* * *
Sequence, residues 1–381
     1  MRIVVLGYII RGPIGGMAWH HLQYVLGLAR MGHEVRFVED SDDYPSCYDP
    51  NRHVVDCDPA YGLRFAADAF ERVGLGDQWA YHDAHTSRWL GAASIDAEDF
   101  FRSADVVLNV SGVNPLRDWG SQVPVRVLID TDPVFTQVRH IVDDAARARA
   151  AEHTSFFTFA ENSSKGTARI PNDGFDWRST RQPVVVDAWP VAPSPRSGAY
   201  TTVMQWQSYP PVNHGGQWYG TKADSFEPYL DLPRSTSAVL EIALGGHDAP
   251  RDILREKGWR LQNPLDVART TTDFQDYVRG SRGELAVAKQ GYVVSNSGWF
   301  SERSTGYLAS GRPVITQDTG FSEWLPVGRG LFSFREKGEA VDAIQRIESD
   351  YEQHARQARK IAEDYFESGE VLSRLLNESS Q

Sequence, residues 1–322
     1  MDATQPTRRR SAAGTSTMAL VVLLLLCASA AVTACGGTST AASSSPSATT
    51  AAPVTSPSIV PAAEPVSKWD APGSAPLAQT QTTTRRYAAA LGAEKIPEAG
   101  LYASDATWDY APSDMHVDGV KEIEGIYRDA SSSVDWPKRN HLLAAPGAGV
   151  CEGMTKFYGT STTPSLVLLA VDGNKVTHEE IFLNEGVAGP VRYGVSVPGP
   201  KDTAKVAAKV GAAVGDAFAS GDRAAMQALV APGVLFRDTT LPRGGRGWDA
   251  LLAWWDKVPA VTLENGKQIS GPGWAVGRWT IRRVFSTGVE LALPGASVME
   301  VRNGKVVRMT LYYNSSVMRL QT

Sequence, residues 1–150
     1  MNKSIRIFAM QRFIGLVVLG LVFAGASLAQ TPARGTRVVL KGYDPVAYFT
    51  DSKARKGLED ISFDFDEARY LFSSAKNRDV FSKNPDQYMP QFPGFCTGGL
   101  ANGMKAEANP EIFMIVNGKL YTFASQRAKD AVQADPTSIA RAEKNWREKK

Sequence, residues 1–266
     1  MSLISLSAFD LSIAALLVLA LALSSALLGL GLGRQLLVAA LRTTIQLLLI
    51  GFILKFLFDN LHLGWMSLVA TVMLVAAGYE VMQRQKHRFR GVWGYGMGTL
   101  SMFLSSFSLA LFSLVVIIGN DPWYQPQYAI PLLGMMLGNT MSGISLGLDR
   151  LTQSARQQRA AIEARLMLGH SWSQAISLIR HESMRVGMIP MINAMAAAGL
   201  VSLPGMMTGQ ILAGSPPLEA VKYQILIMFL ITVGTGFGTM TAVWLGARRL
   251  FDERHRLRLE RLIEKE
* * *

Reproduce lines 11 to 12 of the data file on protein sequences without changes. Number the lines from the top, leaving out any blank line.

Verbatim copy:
     1  MDATQPTRRR SAAGTSTMAL VVLLLLCASA AVTACGGTST AASSSPSATT
    51  AAPVTSPSIV PAAEPVSKWD APGSAPLAQT QTTTRRYAAA LGAEKIPEAG